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About the Exhibition

 
 

Jessica Wimbley: Belle Jet and Cabinet Cards


Main Gallery, Mentry Hall 108
February 3 – March 26, 2020

Artist in Residence: February 24th to February 27th

Artist Talk: February 26th, 2:30pm - view link:  https://www.youtube.com/watch?v=h8stfaobAUI

Merging memory, biology, culture and history, Jessica Wimbley investigates identity through portraiture. Using poet Audre Lorde’s term biomythography (a literary form that blends elements of autobiography, the novel, and personal mythology) as an interdisciplinary approach, Wimbley creates mixed media works combining painting, photography, drawing, performance and digital media to challenge the complexities of race and narrative in the American imagination.

Jessica Wimbley: Belle Jet and Cabinet Cards was curated by Pamela Bailey Lewis.  This exhibition and the 2nd Annual College of the Canyons Artist Residence Program were made possible by the support of the COC Foundation’s Patrons of the Arts, the Associated Students, and the Visual and Performing Arts Department.

Patrons of the Arts       ASG    Visual and Performing Arts

The COC Art Gallery is indebted to many individual and departments. My thanks goes first to Jessica Wimbley for so generously sharing her work and her time with us.  I am also very grateful to Vivian Lainfiesta, Dean Jenn Smolos, Ashley Murphy, Daniel Lewis, Annika Lüsse, Joe Kemp, Nick Pavik, Shawn Irwin, Rob Comeau, Mary Angelino, Stephanie Corral, Repographics, Technology Services, and the African American/Black Student Alliance for their support.

-Pamela Lewis

 

 Exhibition Images

 Jessica Wimbley
 
 Jessica Wimbley
 Jessica Wimbley
 

Jessica Wimbley

Jessica Wimbley

 

Jessica Wimbley

Jessica Wimbley

 

Jessica Wimbley

 

Jessica Wimbley

Jessica Wimbley

 

Jessica Wimbley

Jessica Wimbley

 

Jessica Wimbley

 
Jessica Wimbley
Jessica Wimbley

 

Jessica Wimbley

Wimbley’s video references research and documentary film footage of the same title, created by Zora Neale Hurston in the 1920s and 1930s.

For many, Zora Neale Hurston (1891–1960) is best known for her creative writing. But she was also an anthropologist and described using anthropology as an “illuminating lens” through which to research communities – a metaphor embraced by many anthropologists of the day. However, Hurston departed from convention in her choice of subject matter. She proposed studying her own people – an idea that ran counter to anthropological method of the day. Her approach to her work, that of a “participantobserver” in the black communities she chronicled in Florida, New Orleans, Haiti, and Jamaica, was modeled on that of her teacher Franz Boas, widely considered one of the most important anthropologists of all time.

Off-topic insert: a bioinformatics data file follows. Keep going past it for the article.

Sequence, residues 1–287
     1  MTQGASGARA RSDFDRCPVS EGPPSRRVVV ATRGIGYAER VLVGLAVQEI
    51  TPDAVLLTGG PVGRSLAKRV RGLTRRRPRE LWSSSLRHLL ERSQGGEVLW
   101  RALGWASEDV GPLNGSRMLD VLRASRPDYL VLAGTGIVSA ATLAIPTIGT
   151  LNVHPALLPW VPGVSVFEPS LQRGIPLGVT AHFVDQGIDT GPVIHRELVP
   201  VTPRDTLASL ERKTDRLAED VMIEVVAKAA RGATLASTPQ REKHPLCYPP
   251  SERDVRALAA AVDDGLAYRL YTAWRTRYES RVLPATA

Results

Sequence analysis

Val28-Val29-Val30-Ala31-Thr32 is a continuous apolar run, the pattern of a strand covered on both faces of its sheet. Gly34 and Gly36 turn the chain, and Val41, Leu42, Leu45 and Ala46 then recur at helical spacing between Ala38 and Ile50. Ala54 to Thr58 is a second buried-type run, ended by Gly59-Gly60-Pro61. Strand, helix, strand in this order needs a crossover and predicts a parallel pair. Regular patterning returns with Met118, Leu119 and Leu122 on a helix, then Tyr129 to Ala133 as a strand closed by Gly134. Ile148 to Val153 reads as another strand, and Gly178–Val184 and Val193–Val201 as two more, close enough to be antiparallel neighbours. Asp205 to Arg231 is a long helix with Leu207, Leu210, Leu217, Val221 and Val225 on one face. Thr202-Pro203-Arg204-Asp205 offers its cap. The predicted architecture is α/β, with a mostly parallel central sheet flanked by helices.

Hurston used her anthropological fieldwork to debunk stereotypes about black people and to dismiss the idea that black cultures were inferior. Her research was pioneering in its efforts to theorize the effects of the African diaspora. Hurston was interested in the ways that culture shapes personality, and also how African cultural patterns were retained in African American cultures. Hurston’s studies of African American folklore were vivid and innovative. They emphasized African Americans’ connections to African ancestry, and argued that its rich and complex tradition helped blacks adapt to the New World.
 
 
 

 Jessica Wimbley Artist Talk

 

Download Denise M Johnson Essay

 

 
 Jessica Wimbley

 artist link: https://www.jessicawimbley.com/

 press links:
https://www3.canyons.edu/offices/pio/mondayreport/030220/wimbley.html
 

 

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Jessica Wimbley
Jessica Wimbley